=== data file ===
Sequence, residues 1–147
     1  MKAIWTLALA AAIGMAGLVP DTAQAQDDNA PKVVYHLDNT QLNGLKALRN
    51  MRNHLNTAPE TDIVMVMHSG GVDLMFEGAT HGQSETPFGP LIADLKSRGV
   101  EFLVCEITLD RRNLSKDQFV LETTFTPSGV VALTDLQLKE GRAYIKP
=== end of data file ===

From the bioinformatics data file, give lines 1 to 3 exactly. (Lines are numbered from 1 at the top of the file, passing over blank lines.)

Sequence, residues 1–147
     1  MKAIWTLALA AAIGMAGLVP DTAQAQDDNA PKVVYHLDNT QLNGLKALRN
    51  MRNHLNTAPE TDIVMVMHSG GVDLMFEGAT HGQSETPFGP LIADLKSRGV